Rudolph to play for Yorkshire under Kolpak
The England and Wales Cricket Board (ECB) has approved, though "reluctantly", the signing of Jacques Rudolph by Yorkshire under the Kolpak agreement.
When Yorkshire approached Rudolph in January with a three-year contract he decided to give up playing for South Africa so that he wouldn't need to qualify as an overseas player for the county.
Under the Kolpak ruling a player from any nation sharing an associate trading relationship with the European Union is free to play as a professional within the EU. Since the ECB allows only two overseas players for each county, this ruling enables the counties to circumvent the limitation and hire professionals from outside England, especially from South Africa.
However, ECB regulations state that to qualify for Kolpak status a player should not have played international cricket over the previous 12 months. Rudolph last played for South Africa in August 2006, when South Africa toured Sri Lanka.
Though the board admitted that under European law they could not prevent Rudolph from playing for Yorkshire they condemned such type of applications. "[The board] are concerned that the registration of players under the Kolpak ruling may not be in the best interests of cricket in England and Wales generally."
Stewart Regan, the Yorkshire chief executive, said that Rudolph's signing meant that the county had a strong squad for the 2007 season. "We understand the ECB's concern about the signing of Jacques on a Kolpak agreement and have confirmed to them that the decision to sign him was not taken lightly," Regan said.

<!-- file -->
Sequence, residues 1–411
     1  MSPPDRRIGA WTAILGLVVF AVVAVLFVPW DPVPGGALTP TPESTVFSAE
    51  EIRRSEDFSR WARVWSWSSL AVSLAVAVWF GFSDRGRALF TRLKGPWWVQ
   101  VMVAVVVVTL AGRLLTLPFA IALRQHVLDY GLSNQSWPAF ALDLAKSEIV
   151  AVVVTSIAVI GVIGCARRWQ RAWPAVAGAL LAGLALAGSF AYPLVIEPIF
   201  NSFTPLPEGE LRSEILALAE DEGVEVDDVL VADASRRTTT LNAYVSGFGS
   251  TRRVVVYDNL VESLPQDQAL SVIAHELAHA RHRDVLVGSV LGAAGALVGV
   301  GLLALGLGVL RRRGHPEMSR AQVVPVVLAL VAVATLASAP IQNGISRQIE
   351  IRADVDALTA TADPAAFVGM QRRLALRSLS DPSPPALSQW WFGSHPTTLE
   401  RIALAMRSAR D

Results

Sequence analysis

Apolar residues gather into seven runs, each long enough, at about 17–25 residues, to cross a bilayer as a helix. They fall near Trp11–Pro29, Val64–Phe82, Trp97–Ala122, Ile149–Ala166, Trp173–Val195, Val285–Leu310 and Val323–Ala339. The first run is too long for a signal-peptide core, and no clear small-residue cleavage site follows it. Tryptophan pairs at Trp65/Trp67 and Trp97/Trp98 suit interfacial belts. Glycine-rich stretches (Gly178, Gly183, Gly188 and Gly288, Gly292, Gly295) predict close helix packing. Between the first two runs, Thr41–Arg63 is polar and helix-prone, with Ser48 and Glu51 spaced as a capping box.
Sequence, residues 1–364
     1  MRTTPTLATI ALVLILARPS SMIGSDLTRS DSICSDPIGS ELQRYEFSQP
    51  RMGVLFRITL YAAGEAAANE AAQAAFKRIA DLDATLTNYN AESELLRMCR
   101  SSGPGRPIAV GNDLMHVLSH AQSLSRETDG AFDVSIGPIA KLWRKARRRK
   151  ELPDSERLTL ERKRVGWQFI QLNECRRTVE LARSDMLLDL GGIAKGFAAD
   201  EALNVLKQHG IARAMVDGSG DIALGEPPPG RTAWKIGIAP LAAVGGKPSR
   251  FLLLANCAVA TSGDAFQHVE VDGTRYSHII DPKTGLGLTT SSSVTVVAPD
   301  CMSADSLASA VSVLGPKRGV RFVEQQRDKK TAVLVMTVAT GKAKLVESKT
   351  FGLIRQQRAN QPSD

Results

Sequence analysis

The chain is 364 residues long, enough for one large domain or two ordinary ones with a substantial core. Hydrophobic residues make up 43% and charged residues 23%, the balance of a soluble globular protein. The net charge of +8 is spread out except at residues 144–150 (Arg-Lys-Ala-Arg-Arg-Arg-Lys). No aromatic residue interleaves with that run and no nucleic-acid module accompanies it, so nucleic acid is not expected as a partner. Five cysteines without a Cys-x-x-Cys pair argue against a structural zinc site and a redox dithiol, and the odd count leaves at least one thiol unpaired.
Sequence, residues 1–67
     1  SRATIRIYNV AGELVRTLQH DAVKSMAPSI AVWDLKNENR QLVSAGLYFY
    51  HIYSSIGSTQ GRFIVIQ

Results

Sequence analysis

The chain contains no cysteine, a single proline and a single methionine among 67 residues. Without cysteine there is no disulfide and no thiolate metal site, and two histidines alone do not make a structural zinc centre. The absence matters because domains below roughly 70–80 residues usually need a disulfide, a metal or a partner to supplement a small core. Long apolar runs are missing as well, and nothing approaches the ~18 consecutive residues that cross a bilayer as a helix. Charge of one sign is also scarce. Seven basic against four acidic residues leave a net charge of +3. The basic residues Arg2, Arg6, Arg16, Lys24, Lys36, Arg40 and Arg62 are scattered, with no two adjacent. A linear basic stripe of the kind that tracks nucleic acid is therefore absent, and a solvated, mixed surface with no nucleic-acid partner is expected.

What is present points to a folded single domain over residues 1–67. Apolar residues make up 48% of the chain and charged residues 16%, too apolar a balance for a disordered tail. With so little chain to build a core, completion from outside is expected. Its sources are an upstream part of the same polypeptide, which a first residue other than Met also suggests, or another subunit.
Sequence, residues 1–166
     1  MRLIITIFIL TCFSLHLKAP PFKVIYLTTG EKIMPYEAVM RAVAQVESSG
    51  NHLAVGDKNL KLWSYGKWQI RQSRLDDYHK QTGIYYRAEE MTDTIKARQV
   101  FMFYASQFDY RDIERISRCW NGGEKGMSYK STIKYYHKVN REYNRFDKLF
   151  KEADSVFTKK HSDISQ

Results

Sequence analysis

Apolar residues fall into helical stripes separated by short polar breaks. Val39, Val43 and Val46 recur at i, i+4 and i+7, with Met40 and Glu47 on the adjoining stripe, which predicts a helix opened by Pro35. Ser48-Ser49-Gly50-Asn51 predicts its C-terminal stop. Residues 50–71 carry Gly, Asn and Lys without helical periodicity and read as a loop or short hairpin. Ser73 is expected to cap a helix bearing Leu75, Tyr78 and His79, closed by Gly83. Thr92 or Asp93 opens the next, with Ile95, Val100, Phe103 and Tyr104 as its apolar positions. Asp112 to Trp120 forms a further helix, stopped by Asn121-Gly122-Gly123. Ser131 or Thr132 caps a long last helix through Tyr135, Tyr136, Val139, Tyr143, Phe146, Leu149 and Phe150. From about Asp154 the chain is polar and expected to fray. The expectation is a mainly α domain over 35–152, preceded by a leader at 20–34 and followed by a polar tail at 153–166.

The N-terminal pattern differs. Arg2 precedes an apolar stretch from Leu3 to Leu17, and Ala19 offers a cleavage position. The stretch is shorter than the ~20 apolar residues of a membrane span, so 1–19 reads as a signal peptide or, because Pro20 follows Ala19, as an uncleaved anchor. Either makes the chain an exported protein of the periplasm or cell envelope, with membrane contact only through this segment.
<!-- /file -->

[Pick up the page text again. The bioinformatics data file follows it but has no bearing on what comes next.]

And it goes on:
He said that during Christmas last year they found themselves going into the next season without their top three batsmen of 2006 who had, between them, scored more than half of the county's runs.
"Unfortunately, circumstances in December meant we had to look overseas for a Kolpak player," Regan said. "We have reminded the ECB that we are not the first club to sign a Kolpak player and we will certainly not be the last. Jacques has committed himself to Yorkshire for three years at the prime of his career and is bringing his wife, who is a doctor. They intend to start a new life and are very excited at the prospect. In signing a sworn affidavit, Jacques has given his word that he is serious about his commitment."
Rudolph himself said he was glad that the long wait was over and that he could finally make plans to move to Yorkshire. "I cannot wait to join my new team-mates and start my Yorkshire career. I have been keeping up to date with developments at the club and it is certainly looking good for 2007."